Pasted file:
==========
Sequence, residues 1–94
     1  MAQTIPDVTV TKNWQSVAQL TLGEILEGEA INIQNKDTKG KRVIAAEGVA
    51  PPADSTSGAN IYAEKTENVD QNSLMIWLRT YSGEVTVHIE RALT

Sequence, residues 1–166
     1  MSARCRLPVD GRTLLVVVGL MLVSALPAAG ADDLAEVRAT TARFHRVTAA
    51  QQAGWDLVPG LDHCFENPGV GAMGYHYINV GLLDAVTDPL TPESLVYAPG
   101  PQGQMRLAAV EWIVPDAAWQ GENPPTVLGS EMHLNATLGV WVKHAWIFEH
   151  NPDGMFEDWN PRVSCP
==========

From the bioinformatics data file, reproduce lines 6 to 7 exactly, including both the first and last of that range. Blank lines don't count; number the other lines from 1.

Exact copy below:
    51  QQAGWDLVPG LDHCFENPGV GAMGYHYINV GLLDAVTDPL TPESLVYAPG
   101  PQGQMRLAAV EWIVPDAAWQ GENPPTVLGS EMHLNATLGV WVKHAWIFEH